• Specific Objectives and Competences

    • To know how the EU supports its food producers.
    • To understand the principles and objectives of the CAP.
    • To understand how public policies that support the agricultural sector affect international trade


    • The Common Agricultural Policy is one of the most expensive and controversial EU policies.
    • It was initially established with the aim of increasing agricultural production and thereby ensuring food security within the European Economic Community (EEC) during the Cold War period. Its objectives have since changed and it is now used to try to protect agriculture by controlling prices and levels of production and subsidising rural life in order to safeguard the countryside.
    • The CAP seeks to protect European agricultural products from cheaper imports from outside the EU.
    • At first, aid was given based on agricultural production. Now, the importation of agricultural products from outside the EU is discouraged by a system of import tariffs combined with subsidies for European producers through the Single Farm Payment. In cases of overproduction, the EU intervenes and subsidises exports.
    • The present total cost of the CAP is about 40% of the whole EU budget, although in 1985 it reached as much as 72%.
    • The main objectives of the CAP are:
      • This policy has also be seen as an unfair way of protecting European agriculture from international competition when, in reality, agricultural activity contributes relatively little to the GDP of the EU.
      • To ensure a stable supply of healthy and affordable food products for the population of the EU.
      • To provide a reasonable standard of living for EU farmers and allow the modernisation and development of the food industry.
      • To ensure that all of the different regions of the EU can maintain their agricultural sectors.
    • This policy has varied since its initial introduction in 1962 and there have been various attempts to reform the CAP during this period. The results, however, have been rather limited in terms of reducing its cost.
    • The key elements of the latest reform of the CAP could be summarised as follows:
      • A single aid payment for all farmers in the EU, independent of their level of production. Part of this will remain associated with production  in order to discourage farmers from stopping production;
      • conditioning the receipt of support on farmers complying with a series of regulations relating to: the protection of the natural environment; the quality and safety of their produce, animals and vegetables; and animal welfare, with the additional condition of them having to maintain their agricultural land in good agronomic and environmental condition;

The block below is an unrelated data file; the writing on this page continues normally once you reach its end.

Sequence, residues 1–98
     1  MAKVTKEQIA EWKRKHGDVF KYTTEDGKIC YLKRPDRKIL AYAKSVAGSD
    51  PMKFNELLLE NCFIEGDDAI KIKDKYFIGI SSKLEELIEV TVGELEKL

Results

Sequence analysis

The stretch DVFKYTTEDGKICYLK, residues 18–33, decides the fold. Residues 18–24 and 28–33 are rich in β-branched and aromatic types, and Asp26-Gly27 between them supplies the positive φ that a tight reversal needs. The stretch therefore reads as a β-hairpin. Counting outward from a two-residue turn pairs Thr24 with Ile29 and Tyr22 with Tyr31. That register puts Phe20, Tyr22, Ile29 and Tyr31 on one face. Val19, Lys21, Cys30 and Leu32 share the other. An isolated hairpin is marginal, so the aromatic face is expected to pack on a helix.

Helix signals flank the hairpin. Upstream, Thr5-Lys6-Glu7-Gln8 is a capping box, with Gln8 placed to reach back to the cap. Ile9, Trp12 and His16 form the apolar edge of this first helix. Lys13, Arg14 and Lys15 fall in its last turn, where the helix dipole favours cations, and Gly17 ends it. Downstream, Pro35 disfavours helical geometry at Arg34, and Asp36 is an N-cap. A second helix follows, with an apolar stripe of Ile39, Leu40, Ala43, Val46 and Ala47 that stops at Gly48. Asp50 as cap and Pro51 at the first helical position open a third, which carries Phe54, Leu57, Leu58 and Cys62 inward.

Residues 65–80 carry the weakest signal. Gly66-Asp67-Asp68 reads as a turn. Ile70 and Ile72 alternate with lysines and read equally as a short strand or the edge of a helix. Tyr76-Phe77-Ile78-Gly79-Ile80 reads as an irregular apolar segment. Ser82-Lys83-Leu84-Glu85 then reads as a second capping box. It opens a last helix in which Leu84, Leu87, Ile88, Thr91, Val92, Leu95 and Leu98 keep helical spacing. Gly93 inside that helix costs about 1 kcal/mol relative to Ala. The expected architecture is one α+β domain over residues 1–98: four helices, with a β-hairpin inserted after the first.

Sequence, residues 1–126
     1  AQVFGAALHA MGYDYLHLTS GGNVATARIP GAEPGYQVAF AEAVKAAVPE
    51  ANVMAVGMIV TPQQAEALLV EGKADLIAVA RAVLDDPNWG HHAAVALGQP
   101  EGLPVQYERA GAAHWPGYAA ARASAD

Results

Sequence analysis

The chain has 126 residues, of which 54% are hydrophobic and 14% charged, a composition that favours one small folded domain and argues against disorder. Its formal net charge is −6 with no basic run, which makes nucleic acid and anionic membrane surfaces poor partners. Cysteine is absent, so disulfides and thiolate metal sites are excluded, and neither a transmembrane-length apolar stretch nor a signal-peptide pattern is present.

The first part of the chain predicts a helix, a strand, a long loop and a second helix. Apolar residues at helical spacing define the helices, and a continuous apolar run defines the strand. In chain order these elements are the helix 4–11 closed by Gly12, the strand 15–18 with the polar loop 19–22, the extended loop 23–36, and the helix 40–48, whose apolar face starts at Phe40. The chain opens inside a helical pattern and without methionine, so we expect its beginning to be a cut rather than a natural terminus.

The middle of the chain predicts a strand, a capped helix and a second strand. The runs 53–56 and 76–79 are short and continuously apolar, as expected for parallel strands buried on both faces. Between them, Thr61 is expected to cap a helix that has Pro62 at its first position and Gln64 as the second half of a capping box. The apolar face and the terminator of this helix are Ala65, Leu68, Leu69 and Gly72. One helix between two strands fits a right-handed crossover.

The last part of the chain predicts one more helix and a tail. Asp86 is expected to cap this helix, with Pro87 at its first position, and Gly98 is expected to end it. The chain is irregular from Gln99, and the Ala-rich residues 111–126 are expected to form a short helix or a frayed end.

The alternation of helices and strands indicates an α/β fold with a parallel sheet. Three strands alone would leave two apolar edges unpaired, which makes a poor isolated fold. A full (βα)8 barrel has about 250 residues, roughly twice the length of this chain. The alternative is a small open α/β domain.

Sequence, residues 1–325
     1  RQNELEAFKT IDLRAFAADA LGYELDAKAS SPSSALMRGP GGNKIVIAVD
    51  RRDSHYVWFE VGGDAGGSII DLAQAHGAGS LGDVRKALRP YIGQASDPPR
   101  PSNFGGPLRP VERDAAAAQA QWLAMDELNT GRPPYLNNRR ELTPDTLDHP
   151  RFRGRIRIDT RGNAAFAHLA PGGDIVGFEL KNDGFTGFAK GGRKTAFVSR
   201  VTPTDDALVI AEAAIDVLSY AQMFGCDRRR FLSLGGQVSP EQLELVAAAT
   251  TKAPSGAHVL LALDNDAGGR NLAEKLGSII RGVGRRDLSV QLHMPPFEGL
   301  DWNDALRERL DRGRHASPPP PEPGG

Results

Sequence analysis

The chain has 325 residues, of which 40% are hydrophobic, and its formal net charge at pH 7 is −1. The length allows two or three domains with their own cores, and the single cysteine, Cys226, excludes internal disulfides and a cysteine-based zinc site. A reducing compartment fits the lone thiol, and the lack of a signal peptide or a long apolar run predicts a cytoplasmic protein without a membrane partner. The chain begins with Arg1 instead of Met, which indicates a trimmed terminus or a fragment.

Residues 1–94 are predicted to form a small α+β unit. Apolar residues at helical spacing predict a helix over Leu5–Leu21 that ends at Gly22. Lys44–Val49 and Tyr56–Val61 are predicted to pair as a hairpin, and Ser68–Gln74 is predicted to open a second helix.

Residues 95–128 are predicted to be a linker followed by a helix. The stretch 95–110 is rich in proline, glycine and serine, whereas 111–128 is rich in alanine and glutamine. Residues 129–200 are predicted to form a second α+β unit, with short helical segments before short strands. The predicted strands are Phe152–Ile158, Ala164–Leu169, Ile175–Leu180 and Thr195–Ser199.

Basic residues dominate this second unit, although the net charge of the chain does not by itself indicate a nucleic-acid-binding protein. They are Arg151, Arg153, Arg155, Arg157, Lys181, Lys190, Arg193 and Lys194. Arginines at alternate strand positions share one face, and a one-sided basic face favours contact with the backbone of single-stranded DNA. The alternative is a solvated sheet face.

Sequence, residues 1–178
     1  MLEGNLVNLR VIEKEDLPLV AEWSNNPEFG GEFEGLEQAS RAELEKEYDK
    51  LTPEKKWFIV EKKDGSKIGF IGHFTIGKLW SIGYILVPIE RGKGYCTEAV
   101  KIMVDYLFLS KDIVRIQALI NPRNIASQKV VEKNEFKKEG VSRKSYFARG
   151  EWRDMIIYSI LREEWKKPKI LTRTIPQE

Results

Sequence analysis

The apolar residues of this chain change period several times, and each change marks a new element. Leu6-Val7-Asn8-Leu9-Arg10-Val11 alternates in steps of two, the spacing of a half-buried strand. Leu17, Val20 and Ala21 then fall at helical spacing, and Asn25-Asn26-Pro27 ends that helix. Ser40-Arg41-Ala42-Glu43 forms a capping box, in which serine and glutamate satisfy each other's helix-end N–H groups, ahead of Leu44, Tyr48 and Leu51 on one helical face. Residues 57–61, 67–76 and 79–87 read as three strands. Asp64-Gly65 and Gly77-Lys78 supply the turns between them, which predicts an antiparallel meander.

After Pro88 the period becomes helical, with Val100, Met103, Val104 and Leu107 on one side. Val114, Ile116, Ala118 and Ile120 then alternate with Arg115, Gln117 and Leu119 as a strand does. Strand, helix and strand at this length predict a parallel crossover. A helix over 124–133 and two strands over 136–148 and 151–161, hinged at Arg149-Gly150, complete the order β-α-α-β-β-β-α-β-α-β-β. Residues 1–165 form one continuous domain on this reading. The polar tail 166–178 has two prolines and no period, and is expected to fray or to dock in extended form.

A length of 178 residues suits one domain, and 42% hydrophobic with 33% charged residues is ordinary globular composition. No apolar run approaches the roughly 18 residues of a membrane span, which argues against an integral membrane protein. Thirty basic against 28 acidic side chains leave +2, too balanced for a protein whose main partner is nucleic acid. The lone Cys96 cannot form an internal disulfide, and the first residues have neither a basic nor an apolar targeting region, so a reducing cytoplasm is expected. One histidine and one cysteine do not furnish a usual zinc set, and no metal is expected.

• a reinforced rural development policy, which implies: greater EU funding;  new measures to promote environmental protection; guarantees regarding animal quality and welfare; and measures to help farmers to meet EU guidelines regarding production from 2005 onwards;
      • a reduction in the direct aid (“modulation”) given to the largest exploitations in order to finance new measures aimed at promoting rural development;
      • a mechanism to promote greater financial discipline and guarantee that the agricultural budget established for the period up to 2013 will not be exceeded.
    • This aid system has been heavily criticised by the World Trade Organisation (WTO) because of the way it distorts the international food market and, at the same time, blocks access to the European market for agricultural products from less developed countries. According to the type of aid received, the WTO classifies these actions using a system of different coloured boxes(fr, es, en):
      • Green box: permitted.
      • Amber box: prohibited.
      • Blue box: to be reduced.


Based on the map showing the distribution of rural and urban areas, the table showing the percentage of workers employed in agriculture and the file explaining the evolution of the CAP budget in relation to that of the EU as a whole, debate the following questions

Is it fair that 5% of the EU’s workers benefit from 40% of its budget?

What is the social utility of the CAP?


>15  Video about reforming the CAP (en, 8’36”)

>15  Pros and cons of the CAP (en, 10’52’’)

>15  The CAP in Europe – The debate (en, 17’24’’)

External Link

12-15  The primary sector in Spain (es)

>15  General information about agriculture (bg, da, et, cs, de, el, es, en, fr, it, lv, lt, hu, mt, nl, pl, pt, ro, sl, sk, fi, sv)

>15  EU web about agriculture and rural development (bg, da, et, cs, de, el, es, en, fr, it, lv, lt, hu, mt, nl, pl, pt, ro, sl, sk, fi, sv)

>15  Social situation of agriculture in Europe (en, de, fr, es, pl, da, it)


Educative Games

9-12  Farmland game (bg, da, et, cs, de, el, es, en, fr, it, lv, lt, hu, mt, nl, pl, pt, no, ro, sl, sk, fi, sv)

9-12  Capodyssey (Capodyssey) (en, fr, de)



>15  Explotación agrícola belga